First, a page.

Given the assumptions, this is an estimate for the error (with respect to the true state of the atmosphere) in the analyses in the vicinity of existing radiosonde sites. We further assume that the analysis uncertainty is substantially (50-100%larger over areas void of radiosondes, and that these areas constitute roughly half of the NH extratropics. The range of RMS uncertainty for the whole NH extratropics then is: ANERR(NH) ~ 10.6 x 1.25 - 10.6 x 1.5, i.e., it is between 13 and 16 m.

Based on the above considerations a decision was made to increase the initial perturbation size over the NH extratropics from around 8.5 m, by a factor of 1.75, to around 15.5 m. This new perturbation level is consistent with analysis/short-range forecast error estimates discussed above.

The increase in perturbation amplitude size is applied globally and should be beneficial to users of forecasts over the NH extratropics and the tropics. The factor of 1.75 increase may have neutral or somewhat negative effect over the SH extratropics where the perturbation amplitudes appeared to be large enough before the implementation. The current perturbation rescaling procedure, that uses monthly varying geographically dependent estimates of analysis uncertainty (based on a comparison between two independent analysis cycles), however, did not allow for controlling the perturbation amplitudes separately over the two hemispheres. Our plans call for the implementation of an adaptive rescaling procedure that would be based on the distribution of analysis and first guess increments to the actual observed data.

Zoltan Toth, Richard Wobus and Istvan Szunyogh (credits to Eugenia Kalnay, Tim Marchok and Suranjana Saha)
Effective 07 December 1998 at 12Z
Change in regional rescaling procedure for setting initial perturbation amplitudes
A bug has been fixed in the initial ensemble perturbation generation code. Earlier, the pertubation amplitudes were too small at low, and too large at high latitudes, due to an incorrect computation of the norm (kinetic energy) used in the regional rescaling procedure (Fig. 1: Smoothed average rotational kinetic energy of initial pertubations around the 500 hPa level for the period February 1-28, 1998, with the bug). With the correction, the overall perturbation amplitudes over high latitudes decreased, while over low latitudes increased; the midlatitude amplitudes remained unchanged (Fig.2: Same as Fig. 1 except with corrected code). The geographical distribution of the resulting new initial perturbations is consistent with that of estimated analysis uncertainty (Fig.3: Geographical "mask" used in the regional rescaling procedure - Smoothed average rms difference in rotational kinetic energy around the 500 hPa level between reanalized and operational NCEP analyses for the period February 1-28, 1995). After the code correction, the global pertubation amplitude was set at such a level that the average size midlatitude pertubation amplitudes, which were consistent with different estimates of analysis uncertainty, remained unchanged.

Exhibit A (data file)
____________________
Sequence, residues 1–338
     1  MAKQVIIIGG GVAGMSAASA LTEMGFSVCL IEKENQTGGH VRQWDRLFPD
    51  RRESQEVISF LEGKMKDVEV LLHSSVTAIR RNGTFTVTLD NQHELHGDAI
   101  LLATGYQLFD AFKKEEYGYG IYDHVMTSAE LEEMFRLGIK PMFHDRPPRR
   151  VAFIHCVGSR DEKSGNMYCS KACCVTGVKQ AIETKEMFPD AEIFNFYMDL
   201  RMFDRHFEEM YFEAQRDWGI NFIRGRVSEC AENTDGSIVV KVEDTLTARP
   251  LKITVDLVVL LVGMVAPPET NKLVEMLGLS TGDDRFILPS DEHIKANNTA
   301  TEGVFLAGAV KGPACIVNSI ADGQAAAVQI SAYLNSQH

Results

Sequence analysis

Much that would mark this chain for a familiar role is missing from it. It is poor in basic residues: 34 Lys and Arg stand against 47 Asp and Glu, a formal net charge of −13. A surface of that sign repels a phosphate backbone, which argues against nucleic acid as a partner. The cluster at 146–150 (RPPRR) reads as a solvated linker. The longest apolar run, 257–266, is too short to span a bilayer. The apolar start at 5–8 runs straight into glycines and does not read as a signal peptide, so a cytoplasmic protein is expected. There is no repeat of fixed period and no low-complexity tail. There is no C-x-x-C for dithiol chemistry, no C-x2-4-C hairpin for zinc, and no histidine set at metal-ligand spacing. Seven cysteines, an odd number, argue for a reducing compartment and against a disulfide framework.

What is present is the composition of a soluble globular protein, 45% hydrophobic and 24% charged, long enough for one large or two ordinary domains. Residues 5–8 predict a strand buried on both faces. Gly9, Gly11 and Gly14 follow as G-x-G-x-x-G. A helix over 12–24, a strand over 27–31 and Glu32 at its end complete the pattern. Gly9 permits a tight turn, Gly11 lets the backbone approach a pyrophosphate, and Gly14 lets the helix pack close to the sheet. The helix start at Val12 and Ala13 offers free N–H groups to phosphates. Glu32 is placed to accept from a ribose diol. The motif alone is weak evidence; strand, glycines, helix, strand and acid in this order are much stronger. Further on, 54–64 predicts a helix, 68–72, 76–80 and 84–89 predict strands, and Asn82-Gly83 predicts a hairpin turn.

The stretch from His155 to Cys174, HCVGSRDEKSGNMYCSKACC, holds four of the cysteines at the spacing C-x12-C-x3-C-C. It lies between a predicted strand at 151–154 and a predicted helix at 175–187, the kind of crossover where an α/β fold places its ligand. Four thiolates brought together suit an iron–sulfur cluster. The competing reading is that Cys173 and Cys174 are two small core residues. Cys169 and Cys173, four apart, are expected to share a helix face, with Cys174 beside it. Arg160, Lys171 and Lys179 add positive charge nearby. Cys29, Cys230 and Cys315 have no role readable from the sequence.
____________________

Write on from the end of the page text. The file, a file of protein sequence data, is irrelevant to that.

Zoltan Toth, Istvan Szunyogh and Richard Wobus
Effective 06 May 1998 at 12Z
New seasonally varying analysis uncertainty estimates
On May 6, 1998 at 12Z a change was implemented in the NCEP global ensemble forecasts. The time independent geographical mask (that sets the amplitude to which the 24-hr bred perturbations are rescaled) was replaced by a new mask. This mask is based on the average difference between a series of operational T126 analyses and T62 reanalyses. Monthly average rms difference fields are used (based on one year of data) and are linearly interpolated for each day. This change should provide more realistic initial perturbation amplitudes. In particular, initial perturbation amplitudes will be somewhat reduced at high latitudes whereas somewhat increased at low latitudes.

Zoltan Toth, Gopal Iyengar and Richard Wobus
Effective March 1997
Ensemble data now available on OSO server
Beginning in March, 1997 the NCEP global ensemble data were placed onto the OSO server on a daily basis (in addition to having the data on the nic server). The planned retaining period for the data on the OSO server is 24 hours (though initially this period may be shorter). Currently, the retaining period for the data on the nic server is about 4 days.

Yuejian Zhu and Zoltan Toth
February 11, 1997
Probabilistic Precip GRIB files available via FTP
Beginning Feb. 11, 1997 we provide grib files on our ftp server containing the probability that 24-hr forecast precipitation amounts will exceed certain threshold values. There will be one file per day, based on the latest 17 ensemble members available at 00Z, with a filename like ensppf.97021100. The grib files have a special extension in their headers describing the data. Please consult the appropriate NCEP GRIB documentation for details. For those who cannot (or does not want to) decode the special grib header information, each file contains 133 records. The records contain the following information:

GRIB Record Number Description
1 0-24 hr prob that precip amount > .254 mm
2 0-24 hr prob that precip amount > 1.0 mm 
3 0-24 hr prob that precip amount > 2.54 mm 
4 0-24 hr prob that precip amount > 6.35 mm 
5 0-24 hr prob that precip amount > 12.7 mm 
6 0-24 hr prob that precip amount > 25.4 mm 
7 0-24 hr prob that precip amount > 50.8 mm 
8-14 Same as Records 1-7, except for 12-36 hr fcst interval 
15-21 Same as Records 1-7, except for 24-48 hr fcst interval 
22-28 Same as Records 1-7, except for 36-60 hr fcst interval 
127-133 Same as Records 1-7, except for 216-240 hr fcst interval

The forecast probability is estimated directly from the 17-member global ensemble. At each gridpoint the number of ensemble members having a 24-hour precipitation amount greater than the limit considered is counted (M) and the probability is expressed as 100*(M/17)

Yuejian Zhu and Zoltan Toth